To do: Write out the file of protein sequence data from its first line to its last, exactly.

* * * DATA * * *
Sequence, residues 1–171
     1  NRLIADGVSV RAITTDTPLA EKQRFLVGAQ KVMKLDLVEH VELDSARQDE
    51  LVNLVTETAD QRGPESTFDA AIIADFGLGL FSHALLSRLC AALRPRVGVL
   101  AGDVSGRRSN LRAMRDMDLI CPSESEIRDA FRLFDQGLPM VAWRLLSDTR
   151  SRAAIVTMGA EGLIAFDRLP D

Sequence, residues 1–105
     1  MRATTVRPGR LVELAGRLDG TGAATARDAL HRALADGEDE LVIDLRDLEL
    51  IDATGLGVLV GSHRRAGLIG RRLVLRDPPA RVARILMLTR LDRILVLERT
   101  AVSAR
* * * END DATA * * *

Sequence, residues 1–171
     1  NRLIADGVSV RAITTDTPLA EKQRFLVGAQ KVMKLDLVEH VELDSARQDE
    51  LVNLVTETAD QRGPESTFDA AIIADFGLGL FSHALLSRLC AALRPRVGVL
   101  AGDVSGRRSN LRAMRDMDLI CPSESEIRDA FRLFDQGLPM VAWRLLSDTR
   151  SRAAIVTMGA EGLIAFDRLP D

Sequence, residues 1–105
     1  MRATTVRPGR LVELAGRLDG TGAATARDAL HRALADGEDE LVIDLRDLEL
    51  IDATGLGVLV GSHRRAGLIG RRLVLRDPPA RVARILMLTR LDRILVLERT
   101  AVSAR